# Converting rectangular to polar

kElect

## Homework Statement

How do you convert the rectangular coordinate points (1, -2) to polar form?

note: rectangular is (x,y) polar is (r, theta)

## Homework Equations

r^2 = x^2 + y^2 , x = rcos(theta) , y = rsin(theta) , tan(theta) = y/x

## The Attempt at a Solution

So basically, I tried getting it to polar form by first finding the radius. This part was easy since all I had to do was to plug it into the first equation.

r^2 = (1)^2 + (-2)^2
= sqrt(5)

Next, I tried getting theta by getting tan(theta).

tan(theta) = -2/1

Here is where the problem came in. When I tried putting this onto the unit circle, I didn't get any recognizable triangles(such as the 45-45 right triangle or the 30-60-90 right triangle).

So how would I find theta?(without using calculator)

Last edited:

Homework Helper
Gold Member

## Homework Statement

How do you convert the rectangular coordinate points (1, -2) to polar form?

note: rectangular is (x,y) polar is (r, theta)

## Homework Equations

r^2 = x^2 + y^2 , x = rcos(theta) , y = rsin(theta) , tan(theta) = y/x

## The Attempt at a Solution

So basically, I tried getting it to polar form by first finding the radius. This part was easy since all I had to do was to plug it into the first equation.

r^2 = (1)^2 + (-2)^2
= sqrt(5)

Next, I tried getting theta by getting tan(theta).

tan(theta) = -2/1

Here is where the problem came in. When I tried putting this onto the unit circle, I didn't get any recognizable triangles(such as the 45-45 right triangle or the 30-60-90 right triangle).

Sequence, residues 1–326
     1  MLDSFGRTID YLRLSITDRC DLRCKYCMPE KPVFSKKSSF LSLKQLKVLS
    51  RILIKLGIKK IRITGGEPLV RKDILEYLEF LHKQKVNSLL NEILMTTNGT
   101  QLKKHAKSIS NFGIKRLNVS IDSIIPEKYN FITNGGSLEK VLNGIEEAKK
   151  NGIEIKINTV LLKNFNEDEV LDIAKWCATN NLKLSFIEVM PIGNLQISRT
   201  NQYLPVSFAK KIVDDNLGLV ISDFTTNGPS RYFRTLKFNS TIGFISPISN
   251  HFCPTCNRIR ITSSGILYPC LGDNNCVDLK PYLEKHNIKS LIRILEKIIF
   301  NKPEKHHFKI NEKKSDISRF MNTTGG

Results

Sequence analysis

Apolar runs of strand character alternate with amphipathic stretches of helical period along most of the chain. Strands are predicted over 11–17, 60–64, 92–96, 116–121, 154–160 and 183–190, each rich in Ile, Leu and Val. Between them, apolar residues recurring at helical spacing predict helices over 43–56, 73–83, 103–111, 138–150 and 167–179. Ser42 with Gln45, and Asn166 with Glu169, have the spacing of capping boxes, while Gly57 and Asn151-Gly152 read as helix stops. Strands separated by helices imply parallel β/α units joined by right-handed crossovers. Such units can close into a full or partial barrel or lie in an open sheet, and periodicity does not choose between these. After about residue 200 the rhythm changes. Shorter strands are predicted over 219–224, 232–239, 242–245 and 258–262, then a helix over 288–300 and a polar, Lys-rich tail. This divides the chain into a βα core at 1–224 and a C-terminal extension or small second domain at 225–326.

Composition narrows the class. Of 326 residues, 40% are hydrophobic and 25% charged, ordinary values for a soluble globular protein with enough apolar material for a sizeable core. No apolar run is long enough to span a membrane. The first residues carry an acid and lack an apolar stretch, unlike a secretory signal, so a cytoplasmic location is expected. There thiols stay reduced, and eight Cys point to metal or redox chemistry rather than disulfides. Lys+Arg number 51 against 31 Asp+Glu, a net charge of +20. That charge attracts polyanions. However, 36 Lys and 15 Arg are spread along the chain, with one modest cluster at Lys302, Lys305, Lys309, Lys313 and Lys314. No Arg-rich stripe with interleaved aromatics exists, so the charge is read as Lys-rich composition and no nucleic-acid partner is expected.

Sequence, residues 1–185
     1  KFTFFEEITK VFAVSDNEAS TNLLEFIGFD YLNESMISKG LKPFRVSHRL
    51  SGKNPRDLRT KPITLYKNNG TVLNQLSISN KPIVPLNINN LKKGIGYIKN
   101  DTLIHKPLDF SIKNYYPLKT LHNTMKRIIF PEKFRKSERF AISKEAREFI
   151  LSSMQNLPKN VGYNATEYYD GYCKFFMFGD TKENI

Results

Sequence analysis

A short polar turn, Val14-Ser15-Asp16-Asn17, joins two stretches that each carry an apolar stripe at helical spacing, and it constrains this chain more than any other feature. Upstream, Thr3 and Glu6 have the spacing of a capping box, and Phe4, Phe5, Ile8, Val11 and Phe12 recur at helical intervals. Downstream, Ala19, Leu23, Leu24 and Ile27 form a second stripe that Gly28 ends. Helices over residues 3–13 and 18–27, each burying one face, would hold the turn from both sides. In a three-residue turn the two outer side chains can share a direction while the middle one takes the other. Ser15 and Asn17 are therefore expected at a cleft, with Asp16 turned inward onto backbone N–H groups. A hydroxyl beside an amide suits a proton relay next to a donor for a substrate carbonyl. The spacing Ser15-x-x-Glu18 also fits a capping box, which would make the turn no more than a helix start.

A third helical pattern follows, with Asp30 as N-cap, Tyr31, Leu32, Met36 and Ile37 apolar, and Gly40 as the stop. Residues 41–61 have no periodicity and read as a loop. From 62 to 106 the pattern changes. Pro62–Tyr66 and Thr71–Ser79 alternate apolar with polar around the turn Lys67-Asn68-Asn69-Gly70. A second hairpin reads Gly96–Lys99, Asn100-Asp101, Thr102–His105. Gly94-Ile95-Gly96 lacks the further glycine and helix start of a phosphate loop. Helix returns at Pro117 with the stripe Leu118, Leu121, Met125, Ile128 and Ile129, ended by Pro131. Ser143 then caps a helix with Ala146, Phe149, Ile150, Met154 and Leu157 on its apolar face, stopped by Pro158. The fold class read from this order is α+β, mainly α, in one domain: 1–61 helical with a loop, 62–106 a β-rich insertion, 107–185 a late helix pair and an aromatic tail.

So how would I find theta?(without using calculator)

You wouldn't. You could express it is Arctan(-2) since that is in the 4th quadrant but you will need a calculator or tables for a decimal answer.

kElect
You wouldn't. You could express it is Arctan(-2) since that is in the 4th quadrant but you will need a calculator or tables for a decimal answer.

even using a calculator my answer comes out to be -63.435 as theta whereas the answer is -1.107.

Homework Helper
even using a calculator my answer comes out to be -63.435 as theta whereas the answer is -1.107.
That's because -63.435 is in degrees whereas -1.107 is in radians.

kElect
That's because -63.435 is in degrees whereas -1.107 is in radians.

oh ty.

hmm, strange. professor said calculator wasn't necessary.

Homework Helper
I guess you could state your answer like this:
$\left( \sqrt{5}, \arctan (-2) \right)$
(Fortunately, we can leave arctan (-2) as it is, ie. not add a multiple of pi, because θ is in Q IV.)